Interest rates doubled Monday on new federal student Stafford loans after Congress did nothing to halt the change and could not agree on any of several competing alternatives.
The rates climbed from 3.4 percent to 6.8 percent on all new subsidized Stafford loans, one of the most popular student financial aid programs. The new rate applies to any loans taken out from Monday onward.
“It's going to drastically affect me when I graduate,” said Anthony Gallino, who this fall will enter his fourth year at Sonoma State University. He expects it will take him five years to finish school and that he will need more loans along the way.
The hike comes as student loan debt hits $1 trillion nationwide, a public policy concern that some say threatens a crisis similar to the collapse in subprime mortgages.
Just more than 2,000 SSU students took out subsidized Stafford loans last year, with an average amount of $4,140.
A 6.8 percent rate means a student starting college this year would pay about $4,000 more in interest payments over a 10-year period, according to an analysis by the Institute for College Access and Success.
“We were surprised and disappointed, as well,” said Jessica Thompson, senior policy analyst at the Oakland-based research and advocacy nonprofit.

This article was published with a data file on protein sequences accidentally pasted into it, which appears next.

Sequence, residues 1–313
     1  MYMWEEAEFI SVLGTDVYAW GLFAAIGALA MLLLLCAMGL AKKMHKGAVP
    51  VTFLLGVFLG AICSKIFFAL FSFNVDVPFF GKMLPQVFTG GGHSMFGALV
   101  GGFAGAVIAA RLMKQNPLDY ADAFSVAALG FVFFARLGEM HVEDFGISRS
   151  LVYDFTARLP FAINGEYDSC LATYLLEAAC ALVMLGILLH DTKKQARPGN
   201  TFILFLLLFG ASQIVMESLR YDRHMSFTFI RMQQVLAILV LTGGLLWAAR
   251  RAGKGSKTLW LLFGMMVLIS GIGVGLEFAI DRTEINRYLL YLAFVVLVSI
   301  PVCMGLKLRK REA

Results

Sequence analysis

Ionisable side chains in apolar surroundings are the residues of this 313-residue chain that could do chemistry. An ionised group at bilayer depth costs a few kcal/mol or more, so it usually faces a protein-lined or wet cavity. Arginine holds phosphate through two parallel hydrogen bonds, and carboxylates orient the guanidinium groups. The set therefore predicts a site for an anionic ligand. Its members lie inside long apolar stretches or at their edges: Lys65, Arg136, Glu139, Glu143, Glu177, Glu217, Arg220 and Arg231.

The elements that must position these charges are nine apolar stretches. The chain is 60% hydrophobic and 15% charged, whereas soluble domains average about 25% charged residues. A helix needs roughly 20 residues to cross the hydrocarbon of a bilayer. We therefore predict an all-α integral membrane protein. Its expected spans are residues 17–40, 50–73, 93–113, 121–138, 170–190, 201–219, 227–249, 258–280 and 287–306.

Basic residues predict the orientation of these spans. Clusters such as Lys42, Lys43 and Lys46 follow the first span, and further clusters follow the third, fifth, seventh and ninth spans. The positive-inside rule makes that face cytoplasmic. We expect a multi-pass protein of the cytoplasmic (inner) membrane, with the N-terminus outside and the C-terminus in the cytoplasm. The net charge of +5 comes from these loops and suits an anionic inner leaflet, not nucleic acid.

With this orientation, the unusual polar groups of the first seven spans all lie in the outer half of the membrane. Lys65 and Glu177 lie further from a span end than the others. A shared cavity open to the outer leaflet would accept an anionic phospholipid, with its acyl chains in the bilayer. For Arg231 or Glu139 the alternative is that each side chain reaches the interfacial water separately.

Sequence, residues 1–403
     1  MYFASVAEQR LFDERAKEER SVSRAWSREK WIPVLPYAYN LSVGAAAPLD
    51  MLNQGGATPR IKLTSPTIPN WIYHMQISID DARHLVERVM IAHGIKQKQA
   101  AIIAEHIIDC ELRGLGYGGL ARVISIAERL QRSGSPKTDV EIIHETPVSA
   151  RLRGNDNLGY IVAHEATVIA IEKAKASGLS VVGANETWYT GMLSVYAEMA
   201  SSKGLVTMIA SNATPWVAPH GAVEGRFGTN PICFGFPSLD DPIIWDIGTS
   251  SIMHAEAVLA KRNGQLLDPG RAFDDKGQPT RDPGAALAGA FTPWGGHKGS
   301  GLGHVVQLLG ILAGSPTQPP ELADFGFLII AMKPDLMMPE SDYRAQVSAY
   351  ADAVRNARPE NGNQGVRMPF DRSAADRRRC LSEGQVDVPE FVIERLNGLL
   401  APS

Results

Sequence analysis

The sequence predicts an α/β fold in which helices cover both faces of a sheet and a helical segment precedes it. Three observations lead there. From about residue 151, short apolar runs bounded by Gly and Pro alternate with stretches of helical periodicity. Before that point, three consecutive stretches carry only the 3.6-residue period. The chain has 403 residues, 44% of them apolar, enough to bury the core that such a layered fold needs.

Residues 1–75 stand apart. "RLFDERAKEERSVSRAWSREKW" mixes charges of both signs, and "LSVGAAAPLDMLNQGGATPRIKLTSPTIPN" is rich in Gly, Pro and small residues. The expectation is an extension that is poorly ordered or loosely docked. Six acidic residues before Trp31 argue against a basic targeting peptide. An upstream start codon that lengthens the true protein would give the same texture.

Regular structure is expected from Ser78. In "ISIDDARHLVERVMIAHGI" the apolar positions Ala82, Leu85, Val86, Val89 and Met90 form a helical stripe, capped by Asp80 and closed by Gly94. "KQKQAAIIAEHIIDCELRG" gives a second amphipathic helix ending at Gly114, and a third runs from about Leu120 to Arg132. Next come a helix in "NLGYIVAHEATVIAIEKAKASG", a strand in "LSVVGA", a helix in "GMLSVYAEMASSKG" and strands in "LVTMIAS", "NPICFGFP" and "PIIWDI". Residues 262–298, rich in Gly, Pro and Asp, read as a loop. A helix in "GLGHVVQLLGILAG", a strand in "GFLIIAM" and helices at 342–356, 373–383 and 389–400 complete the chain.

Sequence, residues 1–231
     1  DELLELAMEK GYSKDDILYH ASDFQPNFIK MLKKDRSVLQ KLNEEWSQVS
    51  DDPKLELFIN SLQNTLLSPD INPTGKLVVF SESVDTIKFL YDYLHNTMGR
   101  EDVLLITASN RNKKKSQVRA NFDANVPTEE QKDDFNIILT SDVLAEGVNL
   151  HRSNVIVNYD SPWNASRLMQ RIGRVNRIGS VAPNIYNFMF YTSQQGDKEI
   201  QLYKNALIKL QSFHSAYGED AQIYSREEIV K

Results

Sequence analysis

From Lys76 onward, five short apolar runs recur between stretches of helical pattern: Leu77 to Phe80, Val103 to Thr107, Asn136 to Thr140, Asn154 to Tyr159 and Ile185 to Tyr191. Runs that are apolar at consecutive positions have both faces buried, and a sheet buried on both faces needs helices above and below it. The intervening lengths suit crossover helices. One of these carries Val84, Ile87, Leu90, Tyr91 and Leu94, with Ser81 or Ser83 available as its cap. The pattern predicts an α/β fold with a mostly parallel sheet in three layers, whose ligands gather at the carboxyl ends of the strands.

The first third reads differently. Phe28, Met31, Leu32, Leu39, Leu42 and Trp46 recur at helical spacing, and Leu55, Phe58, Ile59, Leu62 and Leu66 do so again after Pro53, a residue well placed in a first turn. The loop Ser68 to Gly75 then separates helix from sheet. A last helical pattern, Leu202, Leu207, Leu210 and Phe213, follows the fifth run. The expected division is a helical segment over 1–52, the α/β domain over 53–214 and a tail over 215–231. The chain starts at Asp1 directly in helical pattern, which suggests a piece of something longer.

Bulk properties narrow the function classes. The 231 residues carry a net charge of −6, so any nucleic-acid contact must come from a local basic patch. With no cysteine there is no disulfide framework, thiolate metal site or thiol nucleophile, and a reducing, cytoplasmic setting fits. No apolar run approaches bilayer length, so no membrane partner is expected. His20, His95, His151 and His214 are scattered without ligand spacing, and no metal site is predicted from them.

“It makes no sense to allow interest rates to double now with college costs being what they are and prevailing rates on the open market being so low,” Thompson said, raising an increasingly voiced criticism that commercial and personal borrowers can secure loans for lower rates than can students.
The Senate is scheduled to vote July 10 on a bill to extend the 3.4 percent rate for another year, as it did last year, but observers say nothing is likely to be resolved for some months.
The hot button issue of overhauling immigration laws will likely push aside that of loan rates. And fights over reducing the federal budget deficit will hamper efforts to maintain the lower loan rate because that would push up the deficit by lowering government revenue, said SSU political scientist David McCuan.